'It’s quite horrific what they went through'

07 May 2019 by Claire Hunter

Clarence Harre laid a wreath at a Last Post Ceremony

Clarence Harre laid a wreath at a Last Post Ceremony.

Clarence Harre is lucky to be here. His great-great-grandfather was accidently buried three times by shell-fire during the First World War and his great-grandfather had a narrow escape when HMAS Kuttubul was attacked and sunk by the Japanese midget submarines in Sydney Harbour during the Second World War.

“I had no idea until recently,” Clarence said. “They didn’t open up much – or at least that’s what my grandmother tells me – and I only met my great-grandfather when I was too young to remember.”

An electrical engineering student, Clarence was visiting the Australian War Memorial in Canberra to learn more about his family’s military service thanks to the Gallipoli Scholarship Fund.

The Gallipoli Scholarship aims to foster an understanding among young people of the enduring traditions of perseverance, courage, self-sacrifice and mateship forged on Gallipoli, and to raise awareness of the sacrifices of Australians who have served in war and on peacekeeping operations.

Clarence Harre, centre, with the Memorial's Jennie Norberry and Chris Wagner

Clarence Harre, centre, with the Memorial's Jennie Norberry and Chris Wagner.

It is awarded annually to a direct descendant of an Australian who served during the First World War, Second World War, or the Korean War.

Clarence was awarded the scholarship in 2018, and is also one of the first two recipients of the inaugural Bill Hall Bursary in 2019, which provides assistance for a second year of study.

He is studying at the University of New South Wales and hopes to one day serve in the Royal Australian Air Force.

“Thinking about the future makes me also think about the past a bit more … and this is a great opportunity to explore further, not just my family history but also the general Australian service to the country,” he said.

“I’m very proud, especially knowing the lives they’ve impacted, including my own right now.”

Clarence visiting the Memorial's Research Centre with Jennie Norberry.

Clarence visiting the Memorial's Research Centre with Jennie Norberry.

Clarence’s maternal great-great-grandfather, Walter Harold Edwards, enlisted in October 1915 and served until December 1919. He proceeded to the Suez, but a broken arm meant he had a brief stopover in England before deploying to France.

“He got injured quite a few times,” Clarence said. “He got frost bite, trench foot, a bad back … and he got buried three times. The bombs went off and he got covered in dirt, and the only way they found him was his legs were sticking up through the dirt … I also found out today that he got married to somebody over there.”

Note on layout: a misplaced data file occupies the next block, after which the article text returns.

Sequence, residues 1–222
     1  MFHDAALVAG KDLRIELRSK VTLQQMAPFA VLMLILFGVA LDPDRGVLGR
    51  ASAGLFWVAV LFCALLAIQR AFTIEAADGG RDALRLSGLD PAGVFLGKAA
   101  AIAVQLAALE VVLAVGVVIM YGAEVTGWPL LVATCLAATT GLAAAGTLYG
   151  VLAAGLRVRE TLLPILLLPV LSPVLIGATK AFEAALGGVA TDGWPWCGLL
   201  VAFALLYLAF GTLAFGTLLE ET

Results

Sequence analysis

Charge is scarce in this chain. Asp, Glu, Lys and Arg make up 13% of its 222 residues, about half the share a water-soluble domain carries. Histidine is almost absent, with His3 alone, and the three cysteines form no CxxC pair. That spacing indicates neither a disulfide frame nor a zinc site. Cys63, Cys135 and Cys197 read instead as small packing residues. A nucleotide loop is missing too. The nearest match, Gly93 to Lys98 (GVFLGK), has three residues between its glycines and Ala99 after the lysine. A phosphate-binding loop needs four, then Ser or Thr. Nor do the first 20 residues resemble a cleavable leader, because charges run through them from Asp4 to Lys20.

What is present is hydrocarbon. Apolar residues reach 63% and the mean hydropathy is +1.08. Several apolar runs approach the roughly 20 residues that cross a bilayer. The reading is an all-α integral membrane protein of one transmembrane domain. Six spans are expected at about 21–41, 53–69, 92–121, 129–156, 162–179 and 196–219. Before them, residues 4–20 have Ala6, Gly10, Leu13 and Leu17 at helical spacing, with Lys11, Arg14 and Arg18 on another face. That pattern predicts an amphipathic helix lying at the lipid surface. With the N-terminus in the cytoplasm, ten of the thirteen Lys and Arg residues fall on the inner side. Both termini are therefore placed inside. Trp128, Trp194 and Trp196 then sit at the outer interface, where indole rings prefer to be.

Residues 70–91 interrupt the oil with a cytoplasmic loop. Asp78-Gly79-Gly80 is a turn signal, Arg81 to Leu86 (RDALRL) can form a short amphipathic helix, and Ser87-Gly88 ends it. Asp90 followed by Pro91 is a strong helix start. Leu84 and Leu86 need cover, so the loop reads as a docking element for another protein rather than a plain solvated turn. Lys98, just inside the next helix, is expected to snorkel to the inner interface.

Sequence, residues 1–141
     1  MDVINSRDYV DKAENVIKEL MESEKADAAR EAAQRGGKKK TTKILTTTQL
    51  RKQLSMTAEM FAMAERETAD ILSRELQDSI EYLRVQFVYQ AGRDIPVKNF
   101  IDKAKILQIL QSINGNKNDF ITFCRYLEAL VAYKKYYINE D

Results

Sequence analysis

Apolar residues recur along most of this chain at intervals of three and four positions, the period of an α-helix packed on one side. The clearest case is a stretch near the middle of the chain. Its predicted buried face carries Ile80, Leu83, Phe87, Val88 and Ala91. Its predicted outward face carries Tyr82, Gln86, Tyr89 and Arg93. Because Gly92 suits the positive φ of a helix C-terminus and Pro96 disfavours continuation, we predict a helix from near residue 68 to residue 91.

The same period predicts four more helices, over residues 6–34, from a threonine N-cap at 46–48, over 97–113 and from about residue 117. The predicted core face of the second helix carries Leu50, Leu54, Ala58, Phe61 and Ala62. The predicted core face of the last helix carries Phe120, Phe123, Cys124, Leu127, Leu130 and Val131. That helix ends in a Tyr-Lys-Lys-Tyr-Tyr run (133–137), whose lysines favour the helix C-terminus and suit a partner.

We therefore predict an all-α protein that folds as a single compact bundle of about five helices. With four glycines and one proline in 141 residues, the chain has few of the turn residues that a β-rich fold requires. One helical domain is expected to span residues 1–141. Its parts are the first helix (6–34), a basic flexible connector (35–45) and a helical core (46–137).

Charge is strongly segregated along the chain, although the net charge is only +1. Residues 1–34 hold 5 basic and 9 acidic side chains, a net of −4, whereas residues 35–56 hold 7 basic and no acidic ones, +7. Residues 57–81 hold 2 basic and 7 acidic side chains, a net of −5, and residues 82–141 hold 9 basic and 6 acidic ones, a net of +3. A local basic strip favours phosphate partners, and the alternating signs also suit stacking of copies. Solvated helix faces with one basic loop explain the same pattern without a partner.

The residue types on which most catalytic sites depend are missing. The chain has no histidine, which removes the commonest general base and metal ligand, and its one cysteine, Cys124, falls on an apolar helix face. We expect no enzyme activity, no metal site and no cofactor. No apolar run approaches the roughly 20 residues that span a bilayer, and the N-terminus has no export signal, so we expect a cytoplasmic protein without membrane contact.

Clarence’s maternal great-grandfather, Edwin Charles “Ted” Nichols served in the Royal Australian Navy during the Second World War.

“My great-grandfather Ted Nichols was somewhat of a legend,” Clarence said.

“He served on [HMAS] Perth and helped out with the evacuation of Crete in May 1941, and then later he was meant to be stationed on the Kuttabul … but he swapped shifts with someone and he ended up on the Lolita on the night of the Japanese sub attack when they blew up the Kuttabul. He was one of the guys that … tried to blow up the sub, and it’s just pure chance that he didn’t end up sleeping on the Kuttabul that night. If he had been … I wouldn’t be here.”

Clarence's great-grandfather

Clarence’s great-grandfather, Edwin Charles “Ted” Nichols during the war. Photo: Courtesy Clarence Harre

Clarence grew up seeing his ancestors’ photographs at his grandmother’s house in the Blue Mountains, and was pleased to be able to learn more about their service.

“They didn’t open up much … but there was a book written about Ted’s experiences on the Lolita,” he said. “It was a great opportunity, not just for me, but also for my broader family, to learn more … because they didn’t talk much [about it].”

For Clarence, the chance to visit the Memorial and research his family history was particularly special.

Clarence's great-grandfather

Clarence’s great-grandfather, Edwin Charles “Ted” Nichols. Photo: Courtesy Clarence Harre

“It’s definitely something I’ll be sharing with my grandmother,” he said. “She said the war really impacted on my great-great-grandfather, as well, I assume, as my great-grandfather. And my great-great-grandmother, my great-grandmother, and their children had to grow up with that.”

He said visiting the Memorial helped him to gain a greater understanding of their war service and what they endured.

“It’s quite horrific what they went through,” he said. “We were told in history class just how bad Gallipoli was, but I didn’t see how bad the rest of it was. On the Roll of Honour, you’ve got people who died who were in occupations that aren’t even meant to be in combat positions … it makes no sense, but that’s war I guess.”

Clarence remains extremely grateful to the Gallipoli Scholarship Fund for their help and support.

“I’m definitely grateful for the support they’ve provided as well as the mentorship,” he said. “I would recommend anybody thinking of applying to give it a crack. You really get a lot out of it.”

Clarence's great-grandfather served in the navy during the war.

Clarence’s great-grandfather, Edwin Charles “Ted” Nichols served in the Royal Australian Navy during the Second World War. Photo: Courtesy Clarence Harre